Kenya's president signs law to cap banks' interest rates

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NAIROBI, Kenya (AP) — Kenya's president on Wednesday said he signed into law a bill that caps interest rates for bank lending and deposits, saying it is clear that Kenyans are frustrated with the "lack of sensitivity" by the financial sector.

"These frustrations are centered around the cost of credit and the applicable interest rates on their hard-earned deposits. I share these concerns," President Uhuru Kenyatta said.

Proponents for capping interest rates say rates of up to 21 percent have been stifling economic growth in this East African country.

The new amendment caps banks' lending interest rates to no more than 4 percentage points above the Central Bank rate, currently at 10.5 percent.

The Kenya Bankers Association has opposed regulation of interest rates, saying banks can regulate themselves. The association has said that when interest rates are capped, banks will lend only to those with less risk. That could affect smaller enterprises and people with lower incomes.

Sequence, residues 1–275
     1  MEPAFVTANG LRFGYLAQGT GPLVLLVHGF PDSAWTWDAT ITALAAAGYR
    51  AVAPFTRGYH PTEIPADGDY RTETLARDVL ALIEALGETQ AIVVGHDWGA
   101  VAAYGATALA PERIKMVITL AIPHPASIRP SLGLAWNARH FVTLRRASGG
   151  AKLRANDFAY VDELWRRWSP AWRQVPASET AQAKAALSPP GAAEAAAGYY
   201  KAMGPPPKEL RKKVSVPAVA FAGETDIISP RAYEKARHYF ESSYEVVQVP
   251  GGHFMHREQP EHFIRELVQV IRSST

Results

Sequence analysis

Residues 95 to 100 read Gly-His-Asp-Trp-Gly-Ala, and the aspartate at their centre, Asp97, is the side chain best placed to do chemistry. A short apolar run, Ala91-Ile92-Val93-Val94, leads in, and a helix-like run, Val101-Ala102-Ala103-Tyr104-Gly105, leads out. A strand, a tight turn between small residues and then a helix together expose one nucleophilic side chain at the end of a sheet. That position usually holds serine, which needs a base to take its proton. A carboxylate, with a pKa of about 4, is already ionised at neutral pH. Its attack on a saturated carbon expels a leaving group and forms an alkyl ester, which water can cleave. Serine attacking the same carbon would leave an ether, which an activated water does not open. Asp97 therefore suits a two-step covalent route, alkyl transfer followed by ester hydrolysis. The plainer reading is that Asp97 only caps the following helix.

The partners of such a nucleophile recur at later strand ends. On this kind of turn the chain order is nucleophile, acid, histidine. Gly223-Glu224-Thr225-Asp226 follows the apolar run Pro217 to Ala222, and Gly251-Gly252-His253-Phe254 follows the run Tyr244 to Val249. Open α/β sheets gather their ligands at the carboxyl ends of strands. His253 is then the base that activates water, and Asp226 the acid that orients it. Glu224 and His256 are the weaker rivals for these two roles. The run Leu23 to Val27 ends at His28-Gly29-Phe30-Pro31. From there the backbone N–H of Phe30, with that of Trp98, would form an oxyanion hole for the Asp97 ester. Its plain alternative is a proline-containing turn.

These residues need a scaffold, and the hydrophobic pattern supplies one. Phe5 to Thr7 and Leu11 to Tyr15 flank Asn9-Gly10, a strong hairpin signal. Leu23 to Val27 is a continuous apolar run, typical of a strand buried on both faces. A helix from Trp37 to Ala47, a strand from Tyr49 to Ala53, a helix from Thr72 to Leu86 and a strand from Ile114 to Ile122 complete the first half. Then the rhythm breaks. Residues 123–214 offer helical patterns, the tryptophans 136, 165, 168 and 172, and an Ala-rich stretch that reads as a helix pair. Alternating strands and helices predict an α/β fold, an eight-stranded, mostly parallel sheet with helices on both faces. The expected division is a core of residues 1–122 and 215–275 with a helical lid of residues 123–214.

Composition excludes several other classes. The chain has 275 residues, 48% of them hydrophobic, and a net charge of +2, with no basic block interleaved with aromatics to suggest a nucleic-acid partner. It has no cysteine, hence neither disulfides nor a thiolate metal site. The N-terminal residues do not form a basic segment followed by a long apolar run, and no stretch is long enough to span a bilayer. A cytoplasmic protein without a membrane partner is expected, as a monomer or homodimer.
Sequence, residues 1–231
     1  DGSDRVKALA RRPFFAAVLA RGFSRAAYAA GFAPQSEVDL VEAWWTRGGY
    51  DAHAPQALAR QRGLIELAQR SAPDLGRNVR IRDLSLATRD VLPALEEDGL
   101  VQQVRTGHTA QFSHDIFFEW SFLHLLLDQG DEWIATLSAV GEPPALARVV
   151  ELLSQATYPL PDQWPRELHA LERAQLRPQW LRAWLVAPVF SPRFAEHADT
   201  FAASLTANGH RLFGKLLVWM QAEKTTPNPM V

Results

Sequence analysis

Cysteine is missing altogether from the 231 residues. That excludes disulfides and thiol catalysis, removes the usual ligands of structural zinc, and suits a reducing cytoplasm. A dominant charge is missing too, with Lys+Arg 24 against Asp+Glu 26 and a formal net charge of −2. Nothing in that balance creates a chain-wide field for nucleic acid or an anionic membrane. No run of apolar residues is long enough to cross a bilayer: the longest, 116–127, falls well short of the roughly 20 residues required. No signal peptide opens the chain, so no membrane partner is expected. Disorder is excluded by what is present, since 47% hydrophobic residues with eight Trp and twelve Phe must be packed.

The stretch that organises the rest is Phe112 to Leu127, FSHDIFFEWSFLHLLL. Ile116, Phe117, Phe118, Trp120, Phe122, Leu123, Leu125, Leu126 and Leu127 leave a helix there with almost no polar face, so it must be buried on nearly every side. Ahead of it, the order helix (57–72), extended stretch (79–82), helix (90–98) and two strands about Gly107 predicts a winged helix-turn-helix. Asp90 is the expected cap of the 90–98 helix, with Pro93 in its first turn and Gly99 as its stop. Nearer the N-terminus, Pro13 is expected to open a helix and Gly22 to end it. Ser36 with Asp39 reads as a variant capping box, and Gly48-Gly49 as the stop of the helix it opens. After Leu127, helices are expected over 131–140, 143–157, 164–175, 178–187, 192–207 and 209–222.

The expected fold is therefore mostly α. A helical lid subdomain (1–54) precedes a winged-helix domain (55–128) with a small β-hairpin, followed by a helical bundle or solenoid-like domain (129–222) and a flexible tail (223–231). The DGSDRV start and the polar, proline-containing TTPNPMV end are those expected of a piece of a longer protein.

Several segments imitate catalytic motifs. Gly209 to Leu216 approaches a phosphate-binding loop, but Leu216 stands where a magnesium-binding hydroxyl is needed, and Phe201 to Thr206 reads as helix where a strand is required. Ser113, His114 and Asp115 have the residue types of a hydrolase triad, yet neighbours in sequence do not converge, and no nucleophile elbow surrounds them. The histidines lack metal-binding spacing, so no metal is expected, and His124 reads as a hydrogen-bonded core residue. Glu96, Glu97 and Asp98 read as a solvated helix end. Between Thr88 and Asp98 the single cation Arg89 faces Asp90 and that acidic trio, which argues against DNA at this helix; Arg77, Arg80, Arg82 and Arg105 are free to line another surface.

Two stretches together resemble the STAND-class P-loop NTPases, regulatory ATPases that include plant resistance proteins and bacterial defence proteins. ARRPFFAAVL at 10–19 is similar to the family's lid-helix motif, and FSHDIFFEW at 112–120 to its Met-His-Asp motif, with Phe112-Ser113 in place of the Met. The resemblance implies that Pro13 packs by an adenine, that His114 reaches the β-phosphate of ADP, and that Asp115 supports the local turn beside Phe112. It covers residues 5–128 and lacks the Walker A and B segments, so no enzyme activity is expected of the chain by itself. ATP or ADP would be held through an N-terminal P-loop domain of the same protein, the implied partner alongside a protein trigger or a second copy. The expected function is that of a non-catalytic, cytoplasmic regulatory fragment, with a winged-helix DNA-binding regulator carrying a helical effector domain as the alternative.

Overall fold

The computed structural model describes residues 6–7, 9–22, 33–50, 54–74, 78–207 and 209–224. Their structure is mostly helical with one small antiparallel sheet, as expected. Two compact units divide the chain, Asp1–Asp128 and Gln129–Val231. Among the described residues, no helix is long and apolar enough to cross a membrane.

Many had not expected Kenyatta, whose family is associated with the ownership of a prominent bank, to sign the bill into law. However, observers have pointed out that his administration needed to fulfill pledges his campaign made in 2013 before next year's election.

Opposition leader Raila Odinga had urged the president to sign the bill, saying interest rates have been pushed up particularly by increased government borrowing from the domestic market. Odinga has called the borrowing "higher than that of any regime in the last 10 years," saying this has pushed individuals and corporations out of competition for money and slowed economic activity.

"High interest rates ... have forced some investors to relocate to neighboring countries with better rates," he said.

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